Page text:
Last day in Armenia

Trip Start Sep 19, 2009
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Trip End Oct 10, 2009


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Thursday, October 8, 2009

Now it was the last day of my fantastic trip to Caucasus, the next day I would fly to Riga early in the morning, spend a day there and fly to Helsinki late in the evening.

There were still a few things I would like to see in Yerevan. Early in the morning I decided to head towards Erebuni, the oldest remains in Yerevan, located some kilometres away from the centre. I decided to walk and check the largest Armenian Catherdal on the way, St. Gregory Cathedral, which was completed in 2001. I didn't go there earlier for the same reason I postponed my visit to the new main church in Tbilisi – new churches just aren’t that appealing to me, they lack the feeling and atmosphere that old churches have. As it turned out, the church was closed, but it was rather impressive outside, magnificently dominating the area surrounding it. It didn’t, however, come even close to the Georgian equivalent, which was one of the most impressive buildings I had ever seen. Yerevan lost this competition! Nevertheless, it was quite nice and I think it was a good decision to built such a big church to Yerevan, where the number of churches is truly inadequate given its population.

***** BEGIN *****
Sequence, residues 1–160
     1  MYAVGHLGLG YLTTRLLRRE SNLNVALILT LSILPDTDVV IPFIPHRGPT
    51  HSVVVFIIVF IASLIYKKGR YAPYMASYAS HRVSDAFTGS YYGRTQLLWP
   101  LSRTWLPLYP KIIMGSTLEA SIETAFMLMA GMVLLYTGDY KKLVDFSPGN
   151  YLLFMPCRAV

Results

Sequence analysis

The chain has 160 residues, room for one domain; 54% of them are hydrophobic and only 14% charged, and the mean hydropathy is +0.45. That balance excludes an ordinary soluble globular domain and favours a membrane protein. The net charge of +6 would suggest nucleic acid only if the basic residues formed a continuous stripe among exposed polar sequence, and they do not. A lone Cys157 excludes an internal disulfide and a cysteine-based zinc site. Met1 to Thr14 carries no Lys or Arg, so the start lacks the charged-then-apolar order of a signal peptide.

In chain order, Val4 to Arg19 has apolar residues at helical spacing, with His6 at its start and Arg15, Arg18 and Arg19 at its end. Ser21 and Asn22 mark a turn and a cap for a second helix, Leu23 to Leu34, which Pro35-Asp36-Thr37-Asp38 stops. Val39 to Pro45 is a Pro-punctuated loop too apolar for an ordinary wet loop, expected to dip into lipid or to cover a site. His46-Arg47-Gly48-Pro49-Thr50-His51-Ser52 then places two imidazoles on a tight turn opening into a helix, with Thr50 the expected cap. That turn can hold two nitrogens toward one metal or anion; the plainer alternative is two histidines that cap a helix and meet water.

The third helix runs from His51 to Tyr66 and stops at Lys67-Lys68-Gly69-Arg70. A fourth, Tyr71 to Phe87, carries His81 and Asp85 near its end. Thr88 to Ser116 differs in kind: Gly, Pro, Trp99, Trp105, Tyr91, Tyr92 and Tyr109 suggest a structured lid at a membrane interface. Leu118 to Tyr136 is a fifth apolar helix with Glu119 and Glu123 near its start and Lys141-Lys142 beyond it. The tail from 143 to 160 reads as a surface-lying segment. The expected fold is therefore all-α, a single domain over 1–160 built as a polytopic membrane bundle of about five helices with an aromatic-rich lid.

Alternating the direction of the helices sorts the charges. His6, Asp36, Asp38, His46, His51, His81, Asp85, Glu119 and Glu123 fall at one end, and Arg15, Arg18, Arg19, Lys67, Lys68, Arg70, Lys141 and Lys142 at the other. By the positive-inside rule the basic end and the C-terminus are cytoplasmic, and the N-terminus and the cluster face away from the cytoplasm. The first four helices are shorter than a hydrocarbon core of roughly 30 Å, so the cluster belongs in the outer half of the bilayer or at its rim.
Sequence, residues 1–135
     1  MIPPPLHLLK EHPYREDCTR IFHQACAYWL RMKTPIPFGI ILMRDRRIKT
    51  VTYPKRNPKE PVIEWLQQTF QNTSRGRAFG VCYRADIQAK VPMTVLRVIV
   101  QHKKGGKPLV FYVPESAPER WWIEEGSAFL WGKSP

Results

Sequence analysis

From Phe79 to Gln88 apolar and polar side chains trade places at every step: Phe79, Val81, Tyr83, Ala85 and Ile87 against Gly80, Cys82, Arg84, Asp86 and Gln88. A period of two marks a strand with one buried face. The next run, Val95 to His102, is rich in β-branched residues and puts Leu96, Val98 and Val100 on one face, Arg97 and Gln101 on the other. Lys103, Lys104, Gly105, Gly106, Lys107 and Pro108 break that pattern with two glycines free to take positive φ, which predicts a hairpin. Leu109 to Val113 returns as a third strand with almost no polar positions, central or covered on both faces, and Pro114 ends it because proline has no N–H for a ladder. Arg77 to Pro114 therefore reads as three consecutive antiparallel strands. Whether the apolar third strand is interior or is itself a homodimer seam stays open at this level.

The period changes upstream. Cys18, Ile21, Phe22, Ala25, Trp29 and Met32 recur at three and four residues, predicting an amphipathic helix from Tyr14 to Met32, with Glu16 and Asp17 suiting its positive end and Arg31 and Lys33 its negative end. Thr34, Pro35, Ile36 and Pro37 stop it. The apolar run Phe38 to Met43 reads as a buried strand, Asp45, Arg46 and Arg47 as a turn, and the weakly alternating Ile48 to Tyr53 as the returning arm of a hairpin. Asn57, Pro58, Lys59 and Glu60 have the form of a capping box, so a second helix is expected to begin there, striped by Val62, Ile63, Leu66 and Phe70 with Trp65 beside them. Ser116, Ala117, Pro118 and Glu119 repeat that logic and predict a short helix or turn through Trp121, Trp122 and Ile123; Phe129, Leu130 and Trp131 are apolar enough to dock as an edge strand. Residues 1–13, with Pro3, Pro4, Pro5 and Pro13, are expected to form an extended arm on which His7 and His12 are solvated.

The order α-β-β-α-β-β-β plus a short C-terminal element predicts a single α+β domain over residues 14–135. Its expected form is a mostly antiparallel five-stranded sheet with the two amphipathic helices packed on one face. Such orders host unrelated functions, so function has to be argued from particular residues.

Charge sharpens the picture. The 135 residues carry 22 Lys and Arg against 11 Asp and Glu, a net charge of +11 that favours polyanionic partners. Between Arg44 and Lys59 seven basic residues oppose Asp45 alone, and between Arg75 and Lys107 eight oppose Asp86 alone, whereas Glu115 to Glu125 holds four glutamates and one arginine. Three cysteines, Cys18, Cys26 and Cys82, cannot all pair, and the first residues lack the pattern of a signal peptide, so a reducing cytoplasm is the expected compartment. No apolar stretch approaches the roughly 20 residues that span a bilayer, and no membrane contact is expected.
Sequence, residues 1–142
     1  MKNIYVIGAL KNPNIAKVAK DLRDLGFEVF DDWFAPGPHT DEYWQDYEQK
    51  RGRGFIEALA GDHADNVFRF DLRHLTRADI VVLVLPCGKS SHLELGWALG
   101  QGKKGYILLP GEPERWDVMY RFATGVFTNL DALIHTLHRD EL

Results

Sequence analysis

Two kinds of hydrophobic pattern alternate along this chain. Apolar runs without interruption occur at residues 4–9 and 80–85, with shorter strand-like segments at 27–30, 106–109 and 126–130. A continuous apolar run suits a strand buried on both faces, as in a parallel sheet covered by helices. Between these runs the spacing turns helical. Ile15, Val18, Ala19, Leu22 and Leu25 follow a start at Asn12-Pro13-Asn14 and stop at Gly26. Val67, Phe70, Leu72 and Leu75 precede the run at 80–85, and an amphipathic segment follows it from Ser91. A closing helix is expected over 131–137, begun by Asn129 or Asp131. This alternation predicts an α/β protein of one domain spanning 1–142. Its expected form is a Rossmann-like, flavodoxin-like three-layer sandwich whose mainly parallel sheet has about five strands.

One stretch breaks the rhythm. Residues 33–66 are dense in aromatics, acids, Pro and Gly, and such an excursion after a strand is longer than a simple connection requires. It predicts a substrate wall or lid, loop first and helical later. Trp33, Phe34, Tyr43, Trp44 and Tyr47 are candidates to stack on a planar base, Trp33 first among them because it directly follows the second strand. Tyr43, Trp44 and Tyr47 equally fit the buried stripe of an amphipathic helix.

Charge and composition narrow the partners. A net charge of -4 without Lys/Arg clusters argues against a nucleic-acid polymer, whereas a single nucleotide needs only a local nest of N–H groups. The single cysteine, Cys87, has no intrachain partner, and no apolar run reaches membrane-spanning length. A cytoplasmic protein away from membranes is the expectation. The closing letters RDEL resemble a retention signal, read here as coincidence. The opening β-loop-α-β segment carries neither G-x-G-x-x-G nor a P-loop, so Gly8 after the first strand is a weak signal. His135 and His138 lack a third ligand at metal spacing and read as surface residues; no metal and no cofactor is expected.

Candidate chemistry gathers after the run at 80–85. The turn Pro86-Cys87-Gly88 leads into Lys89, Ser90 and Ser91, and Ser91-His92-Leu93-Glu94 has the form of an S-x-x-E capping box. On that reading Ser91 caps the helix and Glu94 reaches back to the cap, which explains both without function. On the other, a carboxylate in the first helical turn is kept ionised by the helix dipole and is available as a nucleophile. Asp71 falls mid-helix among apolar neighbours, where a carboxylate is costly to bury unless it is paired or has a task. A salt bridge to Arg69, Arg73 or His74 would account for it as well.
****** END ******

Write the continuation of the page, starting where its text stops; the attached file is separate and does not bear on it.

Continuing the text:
I had a coffee somewhere near the church and started to walk towards Erebuni. The journey there was longer than I expected through streets filled with soviet style apartment blocks, restaurants and shops selling everything I do not need. On the way I passed the Yerevan Railway Station, which is a really nice, magnificent soviet-style building, suggesting that train travelling in this country must have been more significant in the days gone by. Or then they tried to make it more significant but failed? Anyway, after about 1,5 hours walk I found myself at the hill of Erebuni, where to my big surprise was a parade of soldiers doing something and blocking the entrance to Erebuni museum. I had no idea what they were doing, and I didn’t know if I dare to go through or pass them to get into the museum. Was the museum open? I asked someone about Erebuni and he just pointed me at the direction of the soldiers. Yes, I know it’s there but I don’t know if I can go. I don’t want to get shot! Finally, I decided to just go carefully, and when I passed the soldiers someone yelled "go quickly go quickly", so I run up to the museum. But I was there! Apparently the soldiers had some kind of training going on. Not a war. What a weird entry to a museum!